In a pretrial decision, Judge Gonzales Rogers hinted at her skepticism regarding Epic’s argument that Apple is violating the Sherman Antitrust Act of 1890 by acting like an illegal monopoly.
The Sherman Antitrust Act outlawed trusts, defined as groups of businesses that collude or merge to form a monopoly to dictate pricing in a particular market.
Epic will have to prove not only that Apple is acting as a monopoly but also that it is abusing that monopoly power to hurt competitors and distort an entire market in its favor. And according to experts, this will be hard to corroborate.
Dan Ives, a tech analyst at Wedbush Securities, wrily commented, “Going up against Apple, it’s like trying to dunk over LeBron.”
Both sides have waived their right to a trial by jury, which means the trial will be a bench trial decided by Judge Gonzalez Rogers.
What Happened in Court?
As we mentioned, the court battle began Monday, so let’s review what we missed…
Lawyers for Epic made the case that Apple designed its App Store to give itself a leg up over other developers and said it is illegal for Apple to make itself the only payment system within the App Store.
Epic lawyer Katherine Forrest stated, “When they pick up their iPhones, users enter a different world. Each and every time they make an in-app purchase, a 30% tax is imposed.”
Apple lawyers responded by saying the 30% fee is not an abuse of power, rather, it allows Apple to provide a quality check and security standard on Apple’s operating system, iOS. Lawyers also argued that the 30% fee is an industry standard — not something Apple made up.
Apple lawyer Karen Dunn stated, “Epic demands that this court force Apple to allow in any and all third-party app stores so that they can distribute unreviewed and untested apps on all iOS devices.”
Epic CEO Tim Sweeny took the stand and testified for about three hours. He told the judge he had originally “loved” Apple’s mobile ecosystem but that it became too restrictive and expensive to maintain.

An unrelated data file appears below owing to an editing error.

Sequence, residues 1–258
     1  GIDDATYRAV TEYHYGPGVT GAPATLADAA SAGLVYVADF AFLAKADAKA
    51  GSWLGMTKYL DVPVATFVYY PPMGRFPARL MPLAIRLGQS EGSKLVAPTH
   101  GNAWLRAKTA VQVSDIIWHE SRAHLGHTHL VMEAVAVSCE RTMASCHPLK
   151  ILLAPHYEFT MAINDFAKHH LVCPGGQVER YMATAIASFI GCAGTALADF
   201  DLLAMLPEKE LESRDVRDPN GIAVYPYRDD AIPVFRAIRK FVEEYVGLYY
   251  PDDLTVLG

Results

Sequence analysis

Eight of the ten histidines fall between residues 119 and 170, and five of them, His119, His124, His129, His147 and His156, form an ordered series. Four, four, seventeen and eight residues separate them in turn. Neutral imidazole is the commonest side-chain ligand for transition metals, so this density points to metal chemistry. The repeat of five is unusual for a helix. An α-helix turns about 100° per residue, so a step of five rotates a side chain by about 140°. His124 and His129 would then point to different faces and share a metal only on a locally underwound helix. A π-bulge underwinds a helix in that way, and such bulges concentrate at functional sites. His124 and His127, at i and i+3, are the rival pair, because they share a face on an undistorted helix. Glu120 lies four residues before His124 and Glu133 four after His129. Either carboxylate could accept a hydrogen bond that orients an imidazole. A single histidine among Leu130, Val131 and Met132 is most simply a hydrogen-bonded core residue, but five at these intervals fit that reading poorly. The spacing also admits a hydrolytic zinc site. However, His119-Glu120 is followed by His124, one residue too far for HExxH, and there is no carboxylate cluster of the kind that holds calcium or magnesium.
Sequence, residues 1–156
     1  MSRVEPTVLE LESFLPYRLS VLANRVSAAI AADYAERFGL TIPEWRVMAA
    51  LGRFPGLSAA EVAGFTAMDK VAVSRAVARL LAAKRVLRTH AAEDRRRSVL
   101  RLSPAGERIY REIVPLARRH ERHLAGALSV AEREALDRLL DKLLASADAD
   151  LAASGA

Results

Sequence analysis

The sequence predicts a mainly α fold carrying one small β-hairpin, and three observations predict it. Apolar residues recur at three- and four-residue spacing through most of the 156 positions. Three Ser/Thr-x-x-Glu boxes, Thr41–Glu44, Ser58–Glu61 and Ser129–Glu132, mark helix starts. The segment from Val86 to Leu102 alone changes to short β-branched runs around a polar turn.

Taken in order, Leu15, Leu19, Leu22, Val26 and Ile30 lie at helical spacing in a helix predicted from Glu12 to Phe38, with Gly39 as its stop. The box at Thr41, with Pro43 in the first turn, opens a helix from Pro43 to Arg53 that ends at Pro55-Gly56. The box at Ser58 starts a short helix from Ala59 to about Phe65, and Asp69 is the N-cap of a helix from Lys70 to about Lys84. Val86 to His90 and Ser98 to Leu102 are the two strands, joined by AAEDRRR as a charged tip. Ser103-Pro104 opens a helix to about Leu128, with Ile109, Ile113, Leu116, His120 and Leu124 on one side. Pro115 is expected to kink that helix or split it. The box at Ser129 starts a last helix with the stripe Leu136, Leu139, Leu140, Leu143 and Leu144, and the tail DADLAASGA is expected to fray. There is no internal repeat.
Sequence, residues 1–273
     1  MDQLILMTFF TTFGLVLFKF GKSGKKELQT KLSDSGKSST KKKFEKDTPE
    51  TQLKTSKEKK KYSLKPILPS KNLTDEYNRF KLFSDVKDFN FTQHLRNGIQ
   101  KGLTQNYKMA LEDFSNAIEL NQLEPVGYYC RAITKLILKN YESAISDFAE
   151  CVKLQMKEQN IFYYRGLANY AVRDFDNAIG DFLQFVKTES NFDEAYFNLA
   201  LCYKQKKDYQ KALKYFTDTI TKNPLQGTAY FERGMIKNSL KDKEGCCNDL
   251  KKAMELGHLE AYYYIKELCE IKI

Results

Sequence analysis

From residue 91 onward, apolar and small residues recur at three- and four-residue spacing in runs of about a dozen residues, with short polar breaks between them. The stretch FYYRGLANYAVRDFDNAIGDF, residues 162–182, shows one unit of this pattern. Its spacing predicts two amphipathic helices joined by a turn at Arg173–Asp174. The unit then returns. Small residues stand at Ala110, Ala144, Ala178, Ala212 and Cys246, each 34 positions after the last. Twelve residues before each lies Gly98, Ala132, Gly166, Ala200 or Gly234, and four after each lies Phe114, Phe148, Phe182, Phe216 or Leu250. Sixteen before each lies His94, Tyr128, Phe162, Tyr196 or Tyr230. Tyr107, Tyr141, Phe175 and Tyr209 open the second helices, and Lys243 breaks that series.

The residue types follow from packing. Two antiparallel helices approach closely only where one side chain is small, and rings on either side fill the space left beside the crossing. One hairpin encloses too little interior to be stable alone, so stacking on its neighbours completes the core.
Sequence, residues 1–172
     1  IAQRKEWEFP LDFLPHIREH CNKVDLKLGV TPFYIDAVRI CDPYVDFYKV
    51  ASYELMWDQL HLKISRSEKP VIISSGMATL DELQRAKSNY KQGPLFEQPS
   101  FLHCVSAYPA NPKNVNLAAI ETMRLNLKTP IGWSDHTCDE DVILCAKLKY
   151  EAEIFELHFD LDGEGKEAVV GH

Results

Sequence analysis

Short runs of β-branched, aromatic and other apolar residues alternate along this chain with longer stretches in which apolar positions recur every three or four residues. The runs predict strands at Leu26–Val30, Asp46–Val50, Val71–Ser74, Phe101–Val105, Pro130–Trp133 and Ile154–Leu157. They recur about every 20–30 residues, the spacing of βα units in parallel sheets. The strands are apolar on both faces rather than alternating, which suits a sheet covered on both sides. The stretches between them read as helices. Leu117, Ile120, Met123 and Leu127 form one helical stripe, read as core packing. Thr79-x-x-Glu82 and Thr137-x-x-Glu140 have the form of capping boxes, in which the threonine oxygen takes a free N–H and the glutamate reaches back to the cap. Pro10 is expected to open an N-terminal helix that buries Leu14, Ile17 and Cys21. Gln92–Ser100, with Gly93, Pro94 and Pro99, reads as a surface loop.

Sweeney estimated Apple made more money from some apps than the developers who created them because of the 30% commission.
However, Sweeny maintained that the goal of the trial was to convince the judge to force Apple to change its behavior in the iPhone App marketplace, not secure monetary damages.
Apple lawyer Richard Doren questioned Sweeny about his decision to violate Apple’s terms of service by allowing Fortnite players to pay for the game’s currency using Epic’s own payment processing system at a rate lower than Apple’s.
Sweeny responded by explaining he knew his actions might result in Fortnite being removed from the App Store (which it did) but that he ultimately hoped it would make Apple “seriously reconsider its policy” (which it didn’t).
Sweeny commented, “Our goal was to demonstrate to smartphone owners that removing the platform fees would result in savings for them.”
The trial will continue for three weeks, and Apple CEO Tim Cook is set to testify, although his day in court is not currently known.
Economists will also be called by both sides to give testimony regarding the market issues surrounding the case.
To a Richer Life,
The Rich Life Roadmap Team